Ruled by the 'ragas'

Fresh voice

Ruled by  the 'ragas'

Classical music buffs are always on the lookout for a fresh voice to regale the concert scene. While most such windfalls are commonly spotted during the winter and autumn, when music festivals are at their peak countrywide, the recent Summer Festival of the India International Centre, Delhi, scored brownie points by presenting artist Deborshee Bhattacharjee of Kolkata’s reputed music institution, The Sangeet Research Academy.

Blessed with a deep baritone vocal timbre, this sprightly artiste presented his debut concert in the capital, having mesmerised audiences at several concert platforms in India, Dubai, UK and Canada. A disciple of the renowned Pandit Ajoy Chakravarty of Patiala Gharana, he has been under the guidance of this maestro for the last 15 years and is currently a Senior Scholar at the institution.

Independent thinking

Speaking of his overall understanding of Hindustani classical music, Deborshee stresses vehemently that he deliberately strives to veer away from being a clone of his revered guru. “I never imitate his style of singing, but I must admit that my guru is the life blood of my music. From him, not only have I learnt the technique of singing, but also imbibed lessons that have withstood the test of time. Alongside rendering the music Guruji has taught us, his disciples, we have also learnt performance elements like conducting ourselves on and off stage, and much more. It is he who has encouraged me to circumvent the traditional approach to gharana music. Hence, today, I have a favourite cache of a handful of musicians whom I admire, but what I present is music I have made of my own.”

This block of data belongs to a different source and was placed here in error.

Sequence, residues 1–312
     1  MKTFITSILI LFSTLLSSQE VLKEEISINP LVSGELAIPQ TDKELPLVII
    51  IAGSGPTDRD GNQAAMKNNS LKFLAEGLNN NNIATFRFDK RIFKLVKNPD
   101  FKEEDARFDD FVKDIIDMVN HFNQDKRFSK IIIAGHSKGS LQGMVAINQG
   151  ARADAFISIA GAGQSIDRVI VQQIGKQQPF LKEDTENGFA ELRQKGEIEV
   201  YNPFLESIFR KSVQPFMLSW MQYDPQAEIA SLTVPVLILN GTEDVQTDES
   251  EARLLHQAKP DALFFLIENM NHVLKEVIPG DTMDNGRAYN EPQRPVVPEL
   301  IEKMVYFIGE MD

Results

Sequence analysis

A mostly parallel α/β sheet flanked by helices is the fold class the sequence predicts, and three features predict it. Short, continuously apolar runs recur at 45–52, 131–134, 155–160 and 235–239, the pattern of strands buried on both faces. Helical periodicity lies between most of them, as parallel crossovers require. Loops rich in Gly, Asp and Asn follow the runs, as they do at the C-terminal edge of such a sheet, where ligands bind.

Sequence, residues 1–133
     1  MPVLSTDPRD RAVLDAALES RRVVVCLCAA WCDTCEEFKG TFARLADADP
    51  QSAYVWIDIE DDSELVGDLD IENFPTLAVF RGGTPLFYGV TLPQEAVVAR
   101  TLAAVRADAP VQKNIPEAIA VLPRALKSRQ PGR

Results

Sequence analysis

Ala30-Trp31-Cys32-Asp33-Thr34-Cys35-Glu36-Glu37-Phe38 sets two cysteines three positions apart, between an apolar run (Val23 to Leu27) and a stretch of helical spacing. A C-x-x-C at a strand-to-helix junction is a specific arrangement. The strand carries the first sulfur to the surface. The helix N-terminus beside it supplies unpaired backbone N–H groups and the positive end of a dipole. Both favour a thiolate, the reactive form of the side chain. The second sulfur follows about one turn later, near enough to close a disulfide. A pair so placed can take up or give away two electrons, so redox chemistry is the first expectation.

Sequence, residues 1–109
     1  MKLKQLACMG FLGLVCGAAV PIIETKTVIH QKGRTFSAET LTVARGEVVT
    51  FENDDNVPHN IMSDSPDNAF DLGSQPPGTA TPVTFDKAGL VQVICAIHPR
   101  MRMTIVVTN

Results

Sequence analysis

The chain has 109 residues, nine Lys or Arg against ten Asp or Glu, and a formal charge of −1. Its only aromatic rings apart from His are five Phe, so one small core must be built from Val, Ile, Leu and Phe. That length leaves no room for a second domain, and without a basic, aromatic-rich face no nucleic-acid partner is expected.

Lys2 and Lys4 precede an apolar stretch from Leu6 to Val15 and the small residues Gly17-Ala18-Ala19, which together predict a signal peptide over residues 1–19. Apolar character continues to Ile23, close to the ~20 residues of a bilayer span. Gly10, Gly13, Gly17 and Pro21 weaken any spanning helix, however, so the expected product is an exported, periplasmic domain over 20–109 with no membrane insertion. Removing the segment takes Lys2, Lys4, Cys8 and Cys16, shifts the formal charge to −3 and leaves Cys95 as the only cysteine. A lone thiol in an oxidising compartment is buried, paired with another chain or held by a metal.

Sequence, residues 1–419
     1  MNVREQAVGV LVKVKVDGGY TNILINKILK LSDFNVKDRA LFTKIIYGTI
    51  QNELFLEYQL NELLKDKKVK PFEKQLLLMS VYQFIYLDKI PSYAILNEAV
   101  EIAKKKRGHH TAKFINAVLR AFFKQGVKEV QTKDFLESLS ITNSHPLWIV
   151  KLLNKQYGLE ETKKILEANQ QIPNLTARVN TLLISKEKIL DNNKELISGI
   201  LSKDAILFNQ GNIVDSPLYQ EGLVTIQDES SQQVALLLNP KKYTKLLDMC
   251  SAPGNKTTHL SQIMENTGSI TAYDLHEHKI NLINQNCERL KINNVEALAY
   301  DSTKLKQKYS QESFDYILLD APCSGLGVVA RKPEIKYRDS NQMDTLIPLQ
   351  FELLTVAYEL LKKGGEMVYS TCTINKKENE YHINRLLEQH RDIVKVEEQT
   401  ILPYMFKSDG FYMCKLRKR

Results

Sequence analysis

Spelt out in concrete terms, his concerts, he says, present classical music “not as something to be heard, but as something to be seen. So when I begin a recital, I try to create that mental imagery wherein the picture of the raga, of the classicism, and my personality, are imprinted on the concert.”

Hence the choice of the raga that he is going to present is vital to the overall format of the music. In a place like Delhi which has a harsh afternoon sun followed by dusk, when the oppressiveness of the summer is waning, he gave us a demonstration of this thought process by choosing to sing Raga Multani. The repetitive oscillations of the komal rishab, coupled with the main note of pancham, stamped the melodic signature of the raga. In his interpretation of it, Deborshee employed inputs such as clarity in his enunciation of the words of the bandish, and more importantly, a deep emotional overlay to the presentation.

Soul singer

What audiences took back home that evening was this artiste’s capability to enlarge music’s many intricacies. His outlay of taan patterns made audiences sit on the edge of their seats, spellbound by the range of his paltas and his capacity to integrate them into a chhand design that rounded off the cycles. By the time he began his thumri, his capacity to win over his listeners was taken for granted, and he did not disappoint. Choosing the oft-heard Yaad piya ki aayi, an evergreen, all-time favourite, from the Patiala gharana stable, this young performer carried the number to new heights. “I felt the words first and then presented it through my singing,” he explains. As for the common failure of over-repetitive phrases, he stated, “There can be no repetition if the words are felt from within. Outwardly, it may be a common phrase from daily life, but when it is internalised by the thumri exponent, it derives the advantage of imaginative innovation.”

Though blessed with a packed concert billing, Deborshee continues to adhere to his riyaaz with unstinted regularity. “It is usually an all-night routine, so I go to bed by three in the morning. That is the time when disturbance is at the minimum and my mind can concentrate on my music completely,” recounts this rising star on the classical firmament.

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